Since no two students are exactly the same, in every classroom there will be students of various abilities and skill levels. This week's tips focus on ways that teachers can intervene to assist the struggling student to improve his or her performance.
This Week's Tips
Group Learning Can Benefit Intervention (Monday)
Place students in cooperative groups of mixed abilities to complete an activity. Students who are struggling can benefit and learn from students with a greater mastery of the skill or better grasp of the subject matter.
Peer Tutors Can Help Intervention Efforts (Tuesday)
Provide tutors from a higher grade to work with the students in need of extra practice or help for students who are struggling with a particular subject or topic. They could meet once or twice a week in your classroom after school, while you catch up on grading or other paperwork and act as moderator for the session.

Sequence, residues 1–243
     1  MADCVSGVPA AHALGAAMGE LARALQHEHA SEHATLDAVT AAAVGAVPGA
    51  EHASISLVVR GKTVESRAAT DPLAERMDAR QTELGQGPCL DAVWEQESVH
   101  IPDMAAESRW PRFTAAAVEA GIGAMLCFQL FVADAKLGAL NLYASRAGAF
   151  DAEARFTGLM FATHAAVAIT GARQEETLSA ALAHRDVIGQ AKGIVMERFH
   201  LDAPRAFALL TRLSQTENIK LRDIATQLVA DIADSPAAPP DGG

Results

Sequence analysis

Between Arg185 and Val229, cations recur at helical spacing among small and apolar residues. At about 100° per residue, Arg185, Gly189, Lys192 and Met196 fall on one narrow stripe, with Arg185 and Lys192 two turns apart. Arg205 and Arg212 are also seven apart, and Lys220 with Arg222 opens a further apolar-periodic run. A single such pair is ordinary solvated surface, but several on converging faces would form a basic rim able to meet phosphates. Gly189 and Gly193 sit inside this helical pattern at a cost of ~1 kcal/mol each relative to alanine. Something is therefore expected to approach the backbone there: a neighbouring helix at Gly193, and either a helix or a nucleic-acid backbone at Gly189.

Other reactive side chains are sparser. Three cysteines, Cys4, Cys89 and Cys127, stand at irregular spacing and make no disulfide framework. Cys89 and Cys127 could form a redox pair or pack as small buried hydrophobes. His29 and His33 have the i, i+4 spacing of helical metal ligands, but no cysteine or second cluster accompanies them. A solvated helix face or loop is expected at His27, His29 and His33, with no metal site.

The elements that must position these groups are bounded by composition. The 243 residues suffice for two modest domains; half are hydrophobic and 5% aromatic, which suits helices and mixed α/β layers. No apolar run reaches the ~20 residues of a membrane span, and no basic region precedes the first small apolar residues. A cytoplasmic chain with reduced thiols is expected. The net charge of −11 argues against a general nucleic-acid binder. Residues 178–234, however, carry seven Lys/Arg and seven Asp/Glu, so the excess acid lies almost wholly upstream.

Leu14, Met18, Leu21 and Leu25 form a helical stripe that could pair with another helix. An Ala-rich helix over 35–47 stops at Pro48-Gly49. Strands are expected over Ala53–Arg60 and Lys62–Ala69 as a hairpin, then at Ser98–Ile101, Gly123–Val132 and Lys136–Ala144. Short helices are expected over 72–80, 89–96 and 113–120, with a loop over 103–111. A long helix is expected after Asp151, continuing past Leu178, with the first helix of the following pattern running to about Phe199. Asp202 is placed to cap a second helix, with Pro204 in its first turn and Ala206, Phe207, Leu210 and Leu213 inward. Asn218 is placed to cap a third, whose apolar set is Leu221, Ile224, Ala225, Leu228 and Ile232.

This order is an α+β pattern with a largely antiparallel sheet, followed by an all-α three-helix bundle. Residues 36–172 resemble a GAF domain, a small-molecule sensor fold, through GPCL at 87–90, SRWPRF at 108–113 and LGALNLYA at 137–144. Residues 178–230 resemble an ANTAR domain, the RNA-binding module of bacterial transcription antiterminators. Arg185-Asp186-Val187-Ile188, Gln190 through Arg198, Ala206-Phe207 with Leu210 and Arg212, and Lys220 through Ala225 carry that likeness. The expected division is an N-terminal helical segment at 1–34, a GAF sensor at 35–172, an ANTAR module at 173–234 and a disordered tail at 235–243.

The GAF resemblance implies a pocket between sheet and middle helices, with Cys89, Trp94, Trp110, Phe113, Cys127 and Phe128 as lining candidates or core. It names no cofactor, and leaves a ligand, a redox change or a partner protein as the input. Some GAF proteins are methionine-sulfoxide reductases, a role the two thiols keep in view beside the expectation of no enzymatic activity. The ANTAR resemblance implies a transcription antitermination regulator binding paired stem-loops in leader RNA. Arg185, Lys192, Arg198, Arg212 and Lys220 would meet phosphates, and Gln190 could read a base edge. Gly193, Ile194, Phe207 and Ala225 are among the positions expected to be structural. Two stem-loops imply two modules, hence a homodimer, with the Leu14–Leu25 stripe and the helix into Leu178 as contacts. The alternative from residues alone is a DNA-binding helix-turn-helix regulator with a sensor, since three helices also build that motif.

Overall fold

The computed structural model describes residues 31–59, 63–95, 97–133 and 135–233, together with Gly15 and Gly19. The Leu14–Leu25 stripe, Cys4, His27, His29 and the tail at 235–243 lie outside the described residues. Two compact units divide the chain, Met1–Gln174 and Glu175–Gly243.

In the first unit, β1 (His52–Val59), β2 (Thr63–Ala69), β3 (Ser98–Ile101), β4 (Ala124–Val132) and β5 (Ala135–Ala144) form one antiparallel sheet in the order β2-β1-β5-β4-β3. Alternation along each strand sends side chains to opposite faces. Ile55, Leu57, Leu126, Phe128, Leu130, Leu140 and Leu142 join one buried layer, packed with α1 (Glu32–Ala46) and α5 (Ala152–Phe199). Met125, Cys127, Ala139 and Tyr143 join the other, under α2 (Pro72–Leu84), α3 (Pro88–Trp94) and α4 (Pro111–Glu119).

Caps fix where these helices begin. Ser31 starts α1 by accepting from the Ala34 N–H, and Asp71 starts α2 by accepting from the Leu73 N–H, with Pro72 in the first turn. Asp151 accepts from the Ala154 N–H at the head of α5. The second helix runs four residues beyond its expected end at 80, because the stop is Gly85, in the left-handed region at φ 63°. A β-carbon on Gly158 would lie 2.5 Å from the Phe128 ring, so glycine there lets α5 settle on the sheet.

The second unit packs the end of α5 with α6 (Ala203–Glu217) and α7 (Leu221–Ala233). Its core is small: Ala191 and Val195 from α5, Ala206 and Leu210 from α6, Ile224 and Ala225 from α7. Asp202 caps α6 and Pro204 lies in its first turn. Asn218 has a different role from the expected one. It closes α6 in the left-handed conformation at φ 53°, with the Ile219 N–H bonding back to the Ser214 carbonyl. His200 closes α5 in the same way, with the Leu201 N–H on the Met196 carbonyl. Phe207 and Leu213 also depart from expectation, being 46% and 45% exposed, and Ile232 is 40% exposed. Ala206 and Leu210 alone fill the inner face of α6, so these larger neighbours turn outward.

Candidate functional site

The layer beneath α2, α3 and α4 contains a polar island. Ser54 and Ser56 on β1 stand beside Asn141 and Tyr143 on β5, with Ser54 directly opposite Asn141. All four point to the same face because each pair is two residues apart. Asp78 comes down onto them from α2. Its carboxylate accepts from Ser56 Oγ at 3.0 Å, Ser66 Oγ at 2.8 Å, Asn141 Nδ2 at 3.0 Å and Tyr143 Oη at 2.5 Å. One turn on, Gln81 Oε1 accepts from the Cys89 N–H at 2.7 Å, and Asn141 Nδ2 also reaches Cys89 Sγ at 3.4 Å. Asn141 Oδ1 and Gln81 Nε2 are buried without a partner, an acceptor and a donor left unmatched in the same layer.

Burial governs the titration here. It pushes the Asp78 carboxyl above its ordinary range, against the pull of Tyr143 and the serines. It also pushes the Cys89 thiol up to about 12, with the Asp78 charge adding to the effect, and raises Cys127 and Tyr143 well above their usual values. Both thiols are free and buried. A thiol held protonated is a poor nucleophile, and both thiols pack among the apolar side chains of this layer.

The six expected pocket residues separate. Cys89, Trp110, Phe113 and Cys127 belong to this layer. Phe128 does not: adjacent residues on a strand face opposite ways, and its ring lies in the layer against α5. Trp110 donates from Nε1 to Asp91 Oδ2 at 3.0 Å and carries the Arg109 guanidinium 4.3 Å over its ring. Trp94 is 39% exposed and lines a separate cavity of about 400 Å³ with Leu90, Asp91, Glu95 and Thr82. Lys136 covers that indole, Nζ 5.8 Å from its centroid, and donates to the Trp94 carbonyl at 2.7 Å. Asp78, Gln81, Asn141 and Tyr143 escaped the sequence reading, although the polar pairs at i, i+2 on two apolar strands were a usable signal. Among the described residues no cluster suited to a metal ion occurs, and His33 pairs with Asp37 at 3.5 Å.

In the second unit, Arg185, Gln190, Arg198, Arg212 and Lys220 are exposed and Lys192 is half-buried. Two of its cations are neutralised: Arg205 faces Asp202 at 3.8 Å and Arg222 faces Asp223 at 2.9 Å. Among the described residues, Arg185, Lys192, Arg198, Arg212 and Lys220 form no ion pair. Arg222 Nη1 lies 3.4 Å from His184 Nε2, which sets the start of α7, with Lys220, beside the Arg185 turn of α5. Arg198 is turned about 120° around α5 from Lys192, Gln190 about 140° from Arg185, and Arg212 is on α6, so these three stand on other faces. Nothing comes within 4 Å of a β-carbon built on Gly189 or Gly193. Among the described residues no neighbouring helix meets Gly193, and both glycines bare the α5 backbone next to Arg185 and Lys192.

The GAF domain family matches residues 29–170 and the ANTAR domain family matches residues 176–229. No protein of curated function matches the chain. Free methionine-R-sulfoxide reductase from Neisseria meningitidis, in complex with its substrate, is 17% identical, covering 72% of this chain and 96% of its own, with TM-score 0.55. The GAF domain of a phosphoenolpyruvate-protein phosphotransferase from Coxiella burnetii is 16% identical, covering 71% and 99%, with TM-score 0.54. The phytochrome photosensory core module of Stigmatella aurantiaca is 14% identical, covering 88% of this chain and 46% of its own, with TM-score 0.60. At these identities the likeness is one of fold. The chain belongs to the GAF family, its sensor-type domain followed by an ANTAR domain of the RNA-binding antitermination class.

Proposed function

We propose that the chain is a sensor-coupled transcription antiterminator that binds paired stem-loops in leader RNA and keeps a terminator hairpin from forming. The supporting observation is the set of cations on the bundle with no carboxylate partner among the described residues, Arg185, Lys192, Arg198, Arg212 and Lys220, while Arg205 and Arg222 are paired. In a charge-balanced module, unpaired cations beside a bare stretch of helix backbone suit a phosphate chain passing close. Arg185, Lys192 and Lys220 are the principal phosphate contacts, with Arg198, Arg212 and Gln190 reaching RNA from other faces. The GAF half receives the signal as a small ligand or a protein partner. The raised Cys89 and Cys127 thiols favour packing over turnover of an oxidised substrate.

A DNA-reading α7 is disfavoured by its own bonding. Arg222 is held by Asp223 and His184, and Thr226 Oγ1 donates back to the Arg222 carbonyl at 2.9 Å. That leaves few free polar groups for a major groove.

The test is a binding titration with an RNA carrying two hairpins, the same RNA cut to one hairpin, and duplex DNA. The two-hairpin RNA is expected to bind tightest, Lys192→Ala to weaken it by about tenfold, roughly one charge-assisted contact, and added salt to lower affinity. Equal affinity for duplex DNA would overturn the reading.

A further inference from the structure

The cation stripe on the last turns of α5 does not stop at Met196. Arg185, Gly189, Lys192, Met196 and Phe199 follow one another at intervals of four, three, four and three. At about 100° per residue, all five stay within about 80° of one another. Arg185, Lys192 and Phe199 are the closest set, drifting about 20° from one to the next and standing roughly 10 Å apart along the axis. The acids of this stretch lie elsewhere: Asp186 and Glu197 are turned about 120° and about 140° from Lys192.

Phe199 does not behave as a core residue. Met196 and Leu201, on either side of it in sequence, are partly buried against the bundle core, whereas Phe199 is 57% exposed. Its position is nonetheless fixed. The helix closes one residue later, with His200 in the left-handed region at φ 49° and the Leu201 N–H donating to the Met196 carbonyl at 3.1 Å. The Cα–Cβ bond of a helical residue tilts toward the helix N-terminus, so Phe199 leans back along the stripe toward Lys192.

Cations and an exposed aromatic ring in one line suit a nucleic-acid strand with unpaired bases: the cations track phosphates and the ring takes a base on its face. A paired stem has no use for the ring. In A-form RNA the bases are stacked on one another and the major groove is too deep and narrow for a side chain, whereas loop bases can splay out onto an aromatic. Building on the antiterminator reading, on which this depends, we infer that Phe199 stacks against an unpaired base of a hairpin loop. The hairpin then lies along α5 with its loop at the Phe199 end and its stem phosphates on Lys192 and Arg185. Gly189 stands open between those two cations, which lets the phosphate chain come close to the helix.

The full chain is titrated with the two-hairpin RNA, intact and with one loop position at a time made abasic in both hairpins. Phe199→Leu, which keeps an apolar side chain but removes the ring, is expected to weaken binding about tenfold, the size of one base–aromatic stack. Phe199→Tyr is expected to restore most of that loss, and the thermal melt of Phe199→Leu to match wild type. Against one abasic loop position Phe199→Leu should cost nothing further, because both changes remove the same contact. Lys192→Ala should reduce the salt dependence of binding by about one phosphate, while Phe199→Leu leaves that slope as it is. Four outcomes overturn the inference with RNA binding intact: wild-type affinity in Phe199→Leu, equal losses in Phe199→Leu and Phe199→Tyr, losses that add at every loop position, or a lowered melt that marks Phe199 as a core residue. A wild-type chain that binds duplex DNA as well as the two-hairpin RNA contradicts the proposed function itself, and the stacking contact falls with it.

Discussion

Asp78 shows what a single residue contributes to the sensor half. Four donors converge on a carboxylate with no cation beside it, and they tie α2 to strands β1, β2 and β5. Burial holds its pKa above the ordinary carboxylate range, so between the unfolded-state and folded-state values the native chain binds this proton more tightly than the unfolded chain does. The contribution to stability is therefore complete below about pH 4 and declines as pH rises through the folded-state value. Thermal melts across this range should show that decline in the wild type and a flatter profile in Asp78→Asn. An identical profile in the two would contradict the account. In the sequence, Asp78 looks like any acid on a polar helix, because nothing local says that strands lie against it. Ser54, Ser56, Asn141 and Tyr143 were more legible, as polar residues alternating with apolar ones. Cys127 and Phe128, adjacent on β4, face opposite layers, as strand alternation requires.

School Staff May Improve Intervention Efforts (Wednesday)
Utilize special needs or other school staff to plan your intervention strategies. Network with other teachers to capitalize on their previous successes. Use the resources you have at hand to obtain ideas of ways you can facilitate learning for struggling students in your classroom.
Intervention Strategy Teaches Organization Skills (Thursday)
Teach students basic organization and time management skills. Teach them to develop daily study routines; mark important dates and assignments on a calendar so they can visualize the time frame for tasks and plan ahead. Remind them to write down homework each day in an assignment book. Also, talk to them about basic study skills-for example working in a quiet area, making sure all needed materials are on hand before they begin working, breaking down tasks and completing one thing at a time.
Interventions Can Effectively Involve Parents (Friday)
Communicate frequently with parents or guardians of struggling students. Parents or guardians may need specific advice for helping the student make improvements. It may help to engage in frequent correspondences, encourage parental monitoring of homework, and provide parents with a schedule of students' assignments.